Mile 98 Report

January 23, 2007
by shepherd

Location:
Coos
Bandon State Park, China Creek
Conditions:
Tuesday 8:00 AM
Sunny
52° F
Wind:
Calm/Light from the NW
Humans / Pets:
People:
3
Dogs:
1
Activities:
Walking / Running:
3
Concerns:
Disturbances:
Vehicles:
Activity Comments:
Notable Wildlife:
Dead Birds:
Total:
1
Species/names:
Western Gull
Stranded:
Fish & Invertebrates:
skate egg case
Driftline:
Kelp or Algae·Animal casings (e.g. crab, shrimp molt)·Animal casings (e.g. crab, shrimp molt)·Shells·Styrofoam
European beach grass
New Development:
Modifications:
Dune Modification
foredune removal for Snowy Plover habitat restoration.
Natural Changes:
Erosion of vegetated foredune
Comments:
Summary:
European beach grass, shells, animal casings, kelp, styrofoam, skate egg case, in driftline. One dead Western Gull. Erosion of vegetated foredune. Foredune removal for Snowy Plover habitat restoration. Low human impact (3)-3 walking. 1 dog.
Other Mile 98 Reports (27)

2018

November 12, 2018 - [email protected]
It was a quiet sunny morning. Not much garbage to pick, mostly small plastic piece and poop bags. I was amazed how much huge kepl with rocks attached were strewn about. Many mounds of kelp.

2017

April 28, 2017 - [email protected]
Nothing out of ordinary sighted. Picked up 2 bags of garbage consisting of plastic bottles, broken bits of plastics, picnic debris, styrofoam, beer bottles, fishing debris, sandals, dog poop bags and...

2016

April 9, 2016 - Athena96
There is an increase of dog poo in parking area and on beach... suggestion to install bags in the parking lot...

2015

December 15, 2015 - Athena96
Lots of pieces of plastic and fishing material all along beach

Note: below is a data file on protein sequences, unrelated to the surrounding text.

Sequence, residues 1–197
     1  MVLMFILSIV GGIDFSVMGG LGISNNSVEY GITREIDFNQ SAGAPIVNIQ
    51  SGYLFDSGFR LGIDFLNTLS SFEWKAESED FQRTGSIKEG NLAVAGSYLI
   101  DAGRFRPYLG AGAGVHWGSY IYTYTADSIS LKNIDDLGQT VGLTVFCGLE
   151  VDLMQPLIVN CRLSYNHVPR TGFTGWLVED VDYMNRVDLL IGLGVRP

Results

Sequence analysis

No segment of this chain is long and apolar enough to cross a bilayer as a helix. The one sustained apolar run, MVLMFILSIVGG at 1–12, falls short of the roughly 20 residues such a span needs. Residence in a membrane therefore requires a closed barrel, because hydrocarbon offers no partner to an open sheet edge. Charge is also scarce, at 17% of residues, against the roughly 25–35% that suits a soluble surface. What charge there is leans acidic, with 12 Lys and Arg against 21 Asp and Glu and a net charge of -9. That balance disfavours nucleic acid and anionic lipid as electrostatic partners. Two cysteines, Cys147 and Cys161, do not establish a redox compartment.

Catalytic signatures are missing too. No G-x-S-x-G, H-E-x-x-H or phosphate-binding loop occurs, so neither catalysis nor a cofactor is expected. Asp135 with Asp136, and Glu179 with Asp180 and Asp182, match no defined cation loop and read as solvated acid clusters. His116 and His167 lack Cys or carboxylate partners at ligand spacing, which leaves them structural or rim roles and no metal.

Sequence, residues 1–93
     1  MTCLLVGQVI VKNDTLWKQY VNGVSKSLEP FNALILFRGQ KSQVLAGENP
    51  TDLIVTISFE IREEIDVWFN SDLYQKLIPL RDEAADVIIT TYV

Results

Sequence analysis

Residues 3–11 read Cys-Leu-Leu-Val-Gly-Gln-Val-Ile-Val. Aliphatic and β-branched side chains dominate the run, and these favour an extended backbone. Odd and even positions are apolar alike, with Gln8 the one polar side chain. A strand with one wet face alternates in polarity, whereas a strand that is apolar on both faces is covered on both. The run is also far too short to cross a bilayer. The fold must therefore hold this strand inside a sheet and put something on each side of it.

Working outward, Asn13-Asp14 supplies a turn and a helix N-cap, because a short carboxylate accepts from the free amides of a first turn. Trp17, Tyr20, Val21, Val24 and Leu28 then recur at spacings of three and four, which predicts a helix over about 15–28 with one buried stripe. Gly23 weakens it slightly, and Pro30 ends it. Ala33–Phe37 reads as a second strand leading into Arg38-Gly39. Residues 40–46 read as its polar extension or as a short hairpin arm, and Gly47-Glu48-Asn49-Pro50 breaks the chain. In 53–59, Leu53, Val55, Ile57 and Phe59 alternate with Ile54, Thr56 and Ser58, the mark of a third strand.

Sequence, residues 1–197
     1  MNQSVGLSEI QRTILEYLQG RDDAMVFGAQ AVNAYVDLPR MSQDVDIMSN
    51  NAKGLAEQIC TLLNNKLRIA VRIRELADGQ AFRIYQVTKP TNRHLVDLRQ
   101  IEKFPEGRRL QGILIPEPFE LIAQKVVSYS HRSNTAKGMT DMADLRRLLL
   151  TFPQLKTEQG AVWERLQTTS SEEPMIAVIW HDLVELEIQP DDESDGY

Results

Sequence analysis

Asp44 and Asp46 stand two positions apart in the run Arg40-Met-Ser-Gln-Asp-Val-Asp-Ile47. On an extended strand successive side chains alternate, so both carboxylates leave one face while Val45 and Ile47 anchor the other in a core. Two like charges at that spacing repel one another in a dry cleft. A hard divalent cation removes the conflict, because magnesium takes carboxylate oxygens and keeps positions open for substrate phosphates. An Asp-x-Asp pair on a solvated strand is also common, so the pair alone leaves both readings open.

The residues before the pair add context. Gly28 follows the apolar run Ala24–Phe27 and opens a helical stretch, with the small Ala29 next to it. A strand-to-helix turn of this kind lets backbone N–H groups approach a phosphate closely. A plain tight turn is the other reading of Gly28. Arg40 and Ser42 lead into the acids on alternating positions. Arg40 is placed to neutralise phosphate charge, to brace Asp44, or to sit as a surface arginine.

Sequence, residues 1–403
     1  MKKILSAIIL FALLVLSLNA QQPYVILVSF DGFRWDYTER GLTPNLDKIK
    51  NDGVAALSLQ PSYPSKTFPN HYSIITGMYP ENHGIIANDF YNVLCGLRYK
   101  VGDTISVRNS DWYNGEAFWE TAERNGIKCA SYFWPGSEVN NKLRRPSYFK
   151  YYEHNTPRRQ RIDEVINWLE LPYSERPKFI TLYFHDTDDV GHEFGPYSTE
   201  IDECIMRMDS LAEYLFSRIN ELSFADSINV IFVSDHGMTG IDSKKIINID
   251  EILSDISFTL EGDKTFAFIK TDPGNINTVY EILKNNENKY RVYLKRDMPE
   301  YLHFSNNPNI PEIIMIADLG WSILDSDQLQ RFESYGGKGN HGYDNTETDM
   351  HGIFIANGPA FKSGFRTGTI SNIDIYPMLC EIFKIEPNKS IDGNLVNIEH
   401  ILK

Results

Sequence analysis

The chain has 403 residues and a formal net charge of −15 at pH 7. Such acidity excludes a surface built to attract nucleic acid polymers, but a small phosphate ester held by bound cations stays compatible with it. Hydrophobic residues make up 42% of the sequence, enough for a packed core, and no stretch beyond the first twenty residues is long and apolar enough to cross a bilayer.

September 11, 2015 - Athena96
Daily walks on beach produce grocery size shopping bag full of litter...Increase of dog waste in Devil's picnic parking area... Suggestion...dog waste bag site...
June 19, 2015 - Athena96
Light use of the beach--four people, three dogs--and yet that was enough to cause disturbance of seabirds by the dogs. Two of the people were engaged in photography. Two dead seal pups had washed...
March 30, 2015 - Athena96
When first on beach no one in sight, then several people and 1 other dog observed

2014

December 13, 2014 - Athena96
Pleasant day on the beach. 6 people, 4 riding horseback. Spotted 40+ snowy plover- feeding at the shoreline
September 2, 2014 - Athena96
Nice day on the beach except for the 25 dead gulls and 10+ dead small birds (wren size). Part of my mile is restricted snowy plover area. Not much happening
April 26, 2014 - azbeach
This item, which appears to be layers of rubberized material, was first "discovered" sometime late March to early April, on the south side of Johnson Creek. It is now (tides/storms) on the north of...

2010

December 31, 2010 - beachnut
China Creek has taken a long northerly jaunt to the sea. Crossing at low tide was treacherous because of quicksand-like conditions in several spots close to the rock base below the parking lot. A...
June 22, 2010 - D Bilderback
We found a Longnose Lancetfish, (Alepisaurus ferox) washed up on the beach near China Creek, Bandon, Oregon (N43.07524 W124.43339 estimated gps using Google Earth). This fish was 150 cm long (4 ft...
  • Note the beautiful silvery color of the skin.  There are no scales on the skin. Also, note the smaller adipose fin that is close to the tail.
  • The dorsal fin is soft and at first was down against the body.  In this photo, Dave has pulled the fin up.  Also, this photo shows clearly the beautiful blue color of the eye and the irridescent nature of the silvery skin.
  • This photo shows the characteristic large teeth about the middle of the jaw of this fish species.
  • Note the raised midline of this fish and the small adipose fin.

2009

December 19, 2009 - beachnut
The wash area at China Creek beach access today had a disintegrating land mammal, a beaver, a munched-upon dead pelican and a probable dead northern fulmar. Lots of marine trash here. Incoming...
  • dead and diminished land mammal with marked teeth. possibly a beaver; the tail appeared to be flat and oval.
November 1, 2009 - azbeach